Hurdles ahead of US plan to create 65,000-strong militia in Syria

Alwaght – Syria should be rightly called the fountain of the crises in the 21st century. Whenever some rays of hope appear about end of the devastating war in the West Asian country, just from another duct, a new crisis flares up, mainly driven by intervention of foreign powers who seek to influence the developments on the ground.

Russia Today has recently reported that the US intends to bring more militant groups in Syria under its support, raising their number from the current 10,000 to about 65,000 by next year. According to the plan, 35,000 fighters will be tasked with internal security of the areas taken from ISIS terrorist group and 30,000 fighters will be responsible to prevent re-emergence of ISIS in the seized territories across the country. The Pentagon has reportedly asked for $30 million in funding for the program.

The force, according to RT, will be comprised of the “reliable” Syrian opposition armed groups to which the Syrian Democratic Forces (SDF), a force with Kurdish majority and limited Arab fighters, will stand as a backbone. What does Washington seek out of this militant organization? And how will it impact the Syrian future?

The move contradicts remarks of President Donald Trump who has recently said that the US had no intention to stay for a long time in Syria and that after obliterating ISIS the American forces will withdraw.

On January 14, the US announced that it aims to create a 30,000-strong militant force, dubbed Border Security Force, to allegedly guard the north Syrian regions and borders. Washington also set up a series of military bases in northern Syria, where its Kurdish allies are holding large swathes of land and have established an autonomously-ruled local region. Sources familiar with the American steps in Syria also stated that the US has recently held a secret meeting with its allies France, Britain, Saudi Arabia, and Jordan. The measures, the analysts suggest, give every reason to predict that the Americans are paving the way for Syria’s partition. But the scenario will continue to unfold under the ruse of taking measures to prevent ISIS from re-emerging mainly because of strong opposition by parties such as Russia, Iran, and Turkey. The US-led bloc is also concerned about a possible decline to garner backing from the international community which has adequately suffered from the ongoing crisis and its consequences which have proven risky to the global peace and security.

Talal Ali Silo, a spokesman to the SDF before he defected to Turkey in mid-November last year, in a detailed interview with the Anadolu news agency of Turkey has made revelations about the US plan for northern Syria and the way of the establishment of the SDF by the Central Intelligence Agency (CIA). The former spokesman to the US-backed Kurdish force also unveiled an American program to help the remnants of the terrorists with a domination corridor project that will take them to reach the east Mediterranean coasts by northern Syria.

A series of objectives are motivating this project:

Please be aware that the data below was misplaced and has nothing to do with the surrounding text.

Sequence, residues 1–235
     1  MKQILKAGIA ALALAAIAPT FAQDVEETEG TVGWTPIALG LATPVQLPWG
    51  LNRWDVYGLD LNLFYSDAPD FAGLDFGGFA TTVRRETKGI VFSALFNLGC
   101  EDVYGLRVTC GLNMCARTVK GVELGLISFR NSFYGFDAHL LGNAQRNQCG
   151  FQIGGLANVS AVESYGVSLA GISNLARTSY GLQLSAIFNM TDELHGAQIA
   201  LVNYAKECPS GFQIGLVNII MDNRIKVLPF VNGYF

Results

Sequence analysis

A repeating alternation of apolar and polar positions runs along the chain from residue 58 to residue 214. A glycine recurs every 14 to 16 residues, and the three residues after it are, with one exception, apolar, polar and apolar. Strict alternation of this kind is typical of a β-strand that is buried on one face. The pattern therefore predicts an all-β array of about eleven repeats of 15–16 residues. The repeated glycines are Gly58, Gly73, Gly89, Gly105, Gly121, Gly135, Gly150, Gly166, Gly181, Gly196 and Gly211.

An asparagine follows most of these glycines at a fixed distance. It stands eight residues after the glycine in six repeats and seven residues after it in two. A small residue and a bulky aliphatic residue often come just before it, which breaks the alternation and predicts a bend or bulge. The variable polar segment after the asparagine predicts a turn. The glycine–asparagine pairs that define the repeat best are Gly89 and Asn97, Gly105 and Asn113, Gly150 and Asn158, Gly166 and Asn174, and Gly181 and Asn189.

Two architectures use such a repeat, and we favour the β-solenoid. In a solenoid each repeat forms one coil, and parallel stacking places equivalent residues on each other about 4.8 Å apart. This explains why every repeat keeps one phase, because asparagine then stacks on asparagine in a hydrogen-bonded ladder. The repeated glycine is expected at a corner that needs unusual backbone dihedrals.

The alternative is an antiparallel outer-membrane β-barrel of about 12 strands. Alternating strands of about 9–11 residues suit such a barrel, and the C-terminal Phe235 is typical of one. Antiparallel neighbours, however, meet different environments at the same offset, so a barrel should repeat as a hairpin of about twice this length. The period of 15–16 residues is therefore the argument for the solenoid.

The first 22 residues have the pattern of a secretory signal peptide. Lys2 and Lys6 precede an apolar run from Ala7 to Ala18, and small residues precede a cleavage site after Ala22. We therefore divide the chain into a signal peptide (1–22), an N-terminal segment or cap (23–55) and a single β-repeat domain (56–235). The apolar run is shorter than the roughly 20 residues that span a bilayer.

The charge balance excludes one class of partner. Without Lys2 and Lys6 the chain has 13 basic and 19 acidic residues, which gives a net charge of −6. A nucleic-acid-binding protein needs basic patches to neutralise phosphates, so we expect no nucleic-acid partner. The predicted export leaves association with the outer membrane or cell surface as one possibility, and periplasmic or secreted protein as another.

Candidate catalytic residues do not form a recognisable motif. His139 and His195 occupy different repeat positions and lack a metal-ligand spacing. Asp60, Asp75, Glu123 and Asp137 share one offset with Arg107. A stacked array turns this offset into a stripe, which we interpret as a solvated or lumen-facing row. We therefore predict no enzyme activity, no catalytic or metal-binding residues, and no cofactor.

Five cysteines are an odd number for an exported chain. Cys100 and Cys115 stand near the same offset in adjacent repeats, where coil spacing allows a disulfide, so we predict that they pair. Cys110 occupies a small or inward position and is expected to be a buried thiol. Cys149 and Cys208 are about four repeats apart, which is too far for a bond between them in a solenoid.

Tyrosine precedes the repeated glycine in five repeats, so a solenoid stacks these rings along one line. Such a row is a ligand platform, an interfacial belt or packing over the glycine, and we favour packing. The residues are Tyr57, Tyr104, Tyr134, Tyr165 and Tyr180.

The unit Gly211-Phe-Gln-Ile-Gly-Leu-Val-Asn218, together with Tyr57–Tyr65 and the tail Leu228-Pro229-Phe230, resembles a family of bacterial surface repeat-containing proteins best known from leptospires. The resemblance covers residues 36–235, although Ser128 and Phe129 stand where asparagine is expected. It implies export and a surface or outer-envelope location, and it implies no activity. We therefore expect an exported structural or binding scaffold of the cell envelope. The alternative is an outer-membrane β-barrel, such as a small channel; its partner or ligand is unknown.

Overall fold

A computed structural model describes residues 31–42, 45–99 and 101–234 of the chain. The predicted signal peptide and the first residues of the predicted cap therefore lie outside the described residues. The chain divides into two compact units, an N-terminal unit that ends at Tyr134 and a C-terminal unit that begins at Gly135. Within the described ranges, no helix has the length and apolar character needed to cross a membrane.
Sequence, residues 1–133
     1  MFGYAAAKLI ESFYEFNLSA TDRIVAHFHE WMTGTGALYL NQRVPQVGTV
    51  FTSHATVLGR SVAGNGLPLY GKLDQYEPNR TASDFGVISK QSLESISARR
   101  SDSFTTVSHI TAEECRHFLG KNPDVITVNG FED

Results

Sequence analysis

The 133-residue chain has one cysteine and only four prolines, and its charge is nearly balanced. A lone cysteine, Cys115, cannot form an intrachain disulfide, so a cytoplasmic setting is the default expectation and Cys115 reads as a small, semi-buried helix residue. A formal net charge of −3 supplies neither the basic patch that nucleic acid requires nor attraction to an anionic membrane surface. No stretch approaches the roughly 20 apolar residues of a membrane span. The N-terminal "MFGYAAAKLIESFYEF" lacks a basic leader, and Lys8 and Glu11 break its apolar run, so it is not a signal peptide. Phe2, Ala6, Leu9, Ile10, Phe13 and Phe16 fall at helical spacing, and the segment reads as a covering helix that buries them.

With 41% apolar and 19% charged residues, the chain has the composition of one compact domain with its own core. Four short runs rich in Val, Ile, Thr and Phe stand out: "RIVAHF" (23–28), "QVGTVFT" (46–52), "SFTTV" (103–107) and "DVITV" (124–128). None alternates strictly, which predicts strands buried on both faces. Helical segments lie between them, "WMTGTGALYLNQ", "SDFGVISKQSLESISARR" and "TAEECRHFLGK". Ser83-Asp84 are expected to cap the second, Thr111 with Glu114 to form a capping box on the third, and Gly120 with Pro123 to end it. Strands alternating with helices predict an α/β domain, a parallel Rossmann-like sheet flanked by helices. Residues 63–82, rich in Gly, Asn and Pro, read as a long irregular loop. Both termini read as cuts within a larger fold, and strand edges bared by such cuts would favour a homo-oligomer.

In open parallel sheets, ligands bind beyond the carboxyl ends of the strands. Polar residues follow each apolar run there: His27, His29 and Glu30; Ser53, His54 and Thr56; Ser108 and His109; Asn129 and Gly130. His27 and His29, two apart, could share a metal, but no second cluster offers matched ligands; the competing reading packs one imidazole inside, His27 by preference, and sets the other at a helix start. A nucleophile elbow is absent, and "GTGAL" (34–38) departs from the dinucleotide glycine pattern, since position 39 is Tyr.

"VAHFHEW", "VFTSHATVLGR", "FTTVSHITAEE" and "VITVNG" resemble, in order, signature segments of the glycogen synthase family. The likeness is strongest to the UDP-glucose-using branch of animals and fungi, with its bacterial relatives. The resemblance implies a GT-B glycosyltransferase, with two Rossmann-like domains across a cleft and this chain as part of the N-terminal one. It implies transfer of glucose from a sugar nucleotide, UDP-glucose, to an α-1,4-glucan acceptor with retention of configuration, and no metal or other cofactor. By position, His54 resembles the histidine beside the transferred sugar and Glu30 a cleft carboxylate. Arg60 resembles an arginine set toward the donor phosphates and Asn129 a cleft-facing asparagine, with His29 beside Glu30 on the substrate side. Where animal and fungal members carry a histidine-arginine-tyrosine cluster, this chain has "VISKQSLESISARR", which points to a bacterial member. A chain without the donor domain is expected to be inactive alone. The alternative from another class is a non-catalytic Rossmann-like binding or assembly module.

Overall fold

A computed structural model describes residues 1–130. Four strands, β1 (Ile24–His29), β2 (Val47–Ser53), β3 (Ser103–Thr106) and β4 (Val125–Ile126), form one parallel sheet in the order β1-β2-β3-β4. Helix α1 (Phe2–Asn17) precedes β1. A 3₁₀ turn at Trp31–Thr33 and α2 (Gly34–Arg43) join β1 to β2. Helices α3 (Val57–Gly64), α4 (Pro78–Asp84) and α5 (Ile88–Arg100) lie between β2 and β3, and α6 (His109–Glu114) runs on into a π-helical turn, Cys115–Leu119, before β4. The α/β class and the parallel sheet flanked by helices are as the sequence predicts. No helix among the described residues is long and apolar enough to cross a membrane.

– preventing the freed areas in the north from being retaken by the Syrian government

– Forging a trump card to press to oust the Syrian President Bashar al-Assad in the future negotiations

– Saving the rich gas and oil fields in northern Syria to help run a Kurdish local government which could effectively make a strategic ally to the US which seeks powerful Kurdish instrument to put strains on Turkey, Iraq, and Iran.

– Destabilizing northern Syria to distract Damascus allies’ attention and so create a margin of safety in Syria’s south and also in the occupied Golan Heights for the Israeli regime.

– Cutting off the corridor linking Iran to Lebanon through Iraq and Syria

– Foiling the Russian-sponsored Sochi and Astana peace initiatives which are meant to keep Syria united and pave the way for the Russian presence which could allow Moscow hold a launching pad for its future regional role in a tough race with Washington to gain weight in West Asia region.

White House has a long and risky way to go before it can realize its split plan. Tremendous obstacle to the Americans’ project is presented by the key actors Russia, Iran, and Turkey that are staunchly guarding against splitting Syria. Perhaps it is right to suggest that the key point of consensus of the trio has been confronting the US plot in northern Syria.

Another challenge is that Kurds are figuring out that Americans are not as trustworthy as they believed. After the Turkish military aggression against the Kurdish-populated Afrin region in Syria’s north on January 20, the Kurds became disappointed with Washington’s inaction in the face of Ankara’s push. Now the Kurds find themselves obliged to make a decision between two choices: Continuing to rely on alliance with the US and risk a potential confrontation with the Syrian army, Turkey, and even Russia in the future; or making compromises to the Central government, fixing their achievements through a deal with Damascus that respects Syria’s territorial cohesion, and so dropping the independence dreams. This, in turn, will set up a new roadblock ahead of the Americans’ project.